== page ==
There were uncertain glances in each other's direction, until Debbie stood up, book under arm, and approached the great crime writer. "Excuse me," the former Blondie front woman said in a husky voice, "would you mind signing this for me? I love your books."
"Certainly, what name shall I put?" asked PD James.
"Just Deborah," said our heroine modestly.
On stage, the meandering solos of Debbie and her Jazz Passengers had Hay whipped up into a genteel frenzy. It was going very well until one of them leant into the microphone and shouted: "Hello Hay, how many shepherds in the audience tonight?"
NOT everyone's happy with all the roadies rolling into the valley. "It's quango mischief making," said Richard Booth, "emperor" of the town and founder of its book culture. "We take an extra pounds 10,000 during this week - Jools Holland has just spend a hundred quid in here - but basically it is a geriatric boom. I've licked my wounds from the festival for the past decade, but next year I hope I will be a part of it: I will open the National Museum of Brochures, here in my castle. It's brochures that have enabled all these decentralised tourist attractions to take off." Maybe, but Rex may give that a miss.
Their shipwreck, his treasure
KEITH Jessop makes most rags-to-riches stories seem pretty ordinary. Born poor in Yorkshire in the Depression, Jessop has become known as "Goldfinger". His knack is finding and salvaging shipwrecks. After much Cold War wrangling, in 1982 he recovered pounds 45m of "Stalin's Gold" from a sunken warship, the Edinburgh, 803ft deep in Russian waters. Since then he's found plenty more loot, including 2,000t of silver bars from an American ship, the SS John Barry, off the coast of Oman.
"I've had a very interesting life," he said when he spoke to me to plug his autobiography, Goldfinder. "It was quite a problem learning to live with the money [he made about pounds 1.85m from the Edinburgh]. It was like being a Lottery winner." People come to him looking for money. "Guys come up with an X on the map, hoping I'll help out. Fortunately, I'm long enough in the tooth to separate the wheat from the chaff. I have still got all the records from a number of very, very rich cargoes. I've already got another diving project lined up..." I asked whether he would share the information with us. "Not likely," replied Jessop.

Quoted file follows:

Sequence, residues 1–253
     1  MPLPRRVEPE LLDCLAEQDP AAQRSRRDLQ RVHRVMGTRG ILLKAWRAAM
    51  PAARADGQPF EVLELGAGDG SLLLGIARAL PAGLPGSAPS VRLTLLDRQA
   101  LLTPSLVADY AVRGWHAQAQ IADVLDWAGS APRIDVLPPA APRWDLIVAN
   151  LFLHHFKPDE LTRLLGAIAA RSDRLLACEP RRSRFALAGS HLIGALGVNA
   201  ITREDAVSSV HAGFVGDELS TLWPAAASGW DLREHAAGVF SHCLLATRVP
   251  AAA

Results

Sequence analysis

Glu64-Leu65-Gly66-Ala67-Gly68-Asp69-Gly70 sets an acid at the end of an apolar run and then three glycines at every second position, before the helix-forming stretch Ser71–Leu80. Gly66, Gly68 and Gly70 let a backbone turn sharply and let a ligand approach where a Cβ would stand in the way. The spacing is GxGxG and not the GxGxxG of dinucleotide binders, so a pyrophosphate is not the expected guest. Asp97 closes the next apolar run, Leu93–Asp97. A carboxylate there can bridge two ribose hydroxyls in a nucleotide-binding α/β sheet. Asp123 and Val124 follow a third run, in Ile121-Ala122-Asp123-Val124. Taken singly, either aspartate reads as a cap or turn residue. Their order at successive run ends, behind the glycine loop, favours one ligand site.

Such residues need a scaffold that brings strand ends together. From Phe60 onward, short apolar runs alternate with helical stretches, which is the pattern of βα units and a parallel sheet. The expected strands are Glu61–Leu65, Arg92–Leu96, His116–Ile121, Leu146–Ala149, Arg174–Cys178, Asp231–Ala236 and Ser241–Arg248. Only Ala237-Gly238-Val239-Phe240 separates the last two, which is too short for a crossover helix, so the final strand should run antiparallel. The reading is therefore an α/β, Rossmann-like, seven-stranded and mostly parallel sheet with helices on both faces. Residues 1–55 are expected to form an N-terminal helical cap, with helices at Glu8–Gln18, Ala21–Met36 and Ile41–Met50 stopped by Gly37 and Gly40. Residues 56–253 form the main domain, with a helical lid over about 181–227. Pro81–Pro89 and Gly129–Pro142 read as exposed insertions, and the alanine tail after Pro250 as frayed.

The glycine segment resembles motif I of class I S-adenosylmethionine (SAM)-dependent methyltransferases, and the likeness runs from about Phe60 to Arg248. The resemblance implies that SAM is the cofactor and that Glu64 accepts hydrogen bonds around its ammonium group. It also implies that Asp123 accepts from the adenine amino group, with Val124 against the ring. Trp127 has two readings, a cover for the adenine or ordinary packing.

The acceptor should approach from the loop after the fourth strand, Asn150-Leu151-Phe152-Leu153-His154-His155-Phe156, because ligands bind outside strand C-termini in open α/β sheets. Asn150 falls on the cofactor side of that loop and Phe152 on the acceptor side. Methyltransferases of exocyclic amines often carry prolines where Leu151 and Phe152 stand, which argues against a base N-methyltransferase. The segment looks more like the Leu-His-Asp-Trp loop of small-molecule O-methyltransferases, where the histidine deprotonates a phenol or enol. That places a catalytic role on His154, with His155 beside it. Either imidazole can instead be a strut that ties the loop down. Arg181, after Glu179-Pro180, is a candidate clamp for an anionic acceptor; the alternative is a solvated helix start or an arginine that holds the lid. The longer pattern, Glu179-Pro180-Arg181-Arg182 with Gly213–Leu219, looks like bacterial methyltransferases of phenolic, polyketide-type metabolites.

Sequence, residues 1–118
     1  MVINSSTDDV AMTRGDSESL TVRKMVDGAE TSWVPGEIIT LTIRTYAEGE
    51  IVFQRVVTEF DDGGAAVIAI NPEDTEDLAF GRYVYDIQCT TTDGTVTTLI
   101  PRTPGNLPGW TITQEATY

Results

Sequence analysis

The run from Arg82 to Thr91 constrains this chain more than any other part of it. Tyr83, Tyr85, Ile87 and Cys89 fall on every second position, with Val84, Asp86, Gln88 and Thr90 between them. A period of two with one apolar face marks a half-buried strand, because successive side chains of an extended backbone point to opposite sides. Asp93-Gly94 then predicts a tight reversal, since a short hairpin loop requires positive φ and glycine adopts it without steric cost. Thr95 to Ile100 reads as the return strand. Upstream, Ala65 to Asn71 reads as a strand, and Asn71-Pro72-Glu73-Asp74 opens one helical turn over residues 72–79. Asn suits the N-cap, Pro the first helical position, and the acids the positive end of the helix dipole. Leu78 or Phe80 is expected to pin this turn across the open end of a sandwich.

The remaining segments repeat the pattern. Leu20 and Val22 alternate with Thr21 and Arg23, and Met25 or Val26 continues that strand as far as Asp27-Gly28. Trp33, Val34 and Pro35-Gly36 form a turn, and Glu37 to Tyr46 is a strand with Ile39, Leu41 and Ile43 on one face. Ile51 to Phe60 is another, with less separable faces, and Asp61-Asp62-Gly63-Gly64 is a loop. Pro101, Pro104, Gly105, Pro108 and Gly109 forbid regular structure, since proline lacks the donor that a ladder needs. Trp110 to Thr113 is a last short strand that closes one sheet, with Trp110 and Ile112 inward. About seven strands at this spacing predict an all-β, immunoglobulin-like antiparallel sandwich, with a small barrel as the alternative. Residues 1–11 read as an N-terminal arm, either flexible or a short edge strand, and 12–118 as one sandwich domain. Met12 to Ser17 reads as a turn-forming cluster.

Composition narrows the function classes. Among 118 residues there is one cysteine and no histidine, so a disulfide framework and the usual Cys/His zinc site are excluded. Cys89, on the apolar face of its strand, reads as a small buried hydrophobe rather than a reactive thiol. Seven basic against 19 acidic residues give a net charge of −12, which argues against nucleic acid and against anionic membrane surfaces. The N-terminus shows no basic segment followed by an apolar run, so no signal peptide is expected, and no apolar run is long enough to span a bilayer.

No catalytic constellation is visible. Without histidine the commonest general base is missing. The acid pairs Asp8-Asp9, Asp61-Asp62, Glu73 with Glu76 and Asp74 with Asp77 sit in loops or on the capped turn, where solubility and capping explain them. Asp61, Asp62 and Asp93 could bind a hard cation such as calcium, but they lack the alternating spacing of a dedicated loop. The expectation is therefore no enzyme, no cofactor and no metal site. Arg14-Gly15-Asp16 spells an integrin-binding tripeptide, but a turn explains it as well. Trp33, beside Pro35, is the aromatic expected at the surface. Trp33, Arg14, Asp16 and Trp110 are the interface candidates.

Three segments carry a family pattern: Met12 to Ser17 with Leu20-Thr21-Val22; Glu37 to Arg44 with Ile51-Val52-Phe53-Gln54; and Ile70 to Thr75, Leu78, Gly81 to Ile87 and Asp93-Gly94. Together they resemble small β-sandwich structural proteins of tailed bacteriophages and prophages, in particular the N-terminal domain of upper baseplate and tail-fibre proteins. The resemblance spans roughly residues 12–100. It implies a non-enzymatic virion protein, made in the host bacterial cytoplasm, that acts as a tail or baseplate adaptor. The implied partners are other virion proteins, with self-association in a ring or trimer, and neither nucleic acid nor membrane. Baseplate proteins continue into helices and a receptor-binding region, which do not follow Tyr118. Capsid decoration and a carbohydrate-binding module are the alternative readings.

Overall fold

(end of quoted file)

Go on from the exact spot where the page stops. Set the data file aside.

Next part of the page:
I HEAR that Eastbourne Borough Council has organised its own "Affinity Card", complete with a picture of Carpet Gardens and a hotel. Launched in a grand parade yesterday, the card will raise 25p for every pounds 100 spent; each household will then be able to vote on which causes should divide the jackpot. "It's a great example," Rachel Norman from the council tells me, "of people-power pegged to capitalism." Tony Blair would be proud.
The definition of a full life
THE craze for biographies of unknown people is unstoppable. Next month, Viking publishes Simon Winchester's The Surgeon of Crowthorne. Its subject is WC Minor, who, for 20 years late in the 19th century, was the most important contributor to the Oxford English Dictionary.
Winchester's story is that when the dictionary's editor, Dr James Murray, wanted to meet Minor in 1886, after years of correspondence, he had to travel to Crowthorne in Berkshire. Asking to see Minor, Murray was told that his leading lexicographer - himself a millionaire and American Civil War surgeon - was serving time for murder. The actual address was Broadmoor.
JERRY Seinfeld, probably the world's most popular comedian, has chosen an inauspicious date for his one visit to Britain. He will be appearing at the London Palladium at 6pm and 9pm on 12 July. Slap-bang in the middle of those times, at 8pm in fact, there is an event you might have heard about already: the final of the 1998 Coupe du Monde. When I phoned the Palladium to inquire if there were any tickets left, they said they had all price ranges still available. Not exactly hot cakes, then.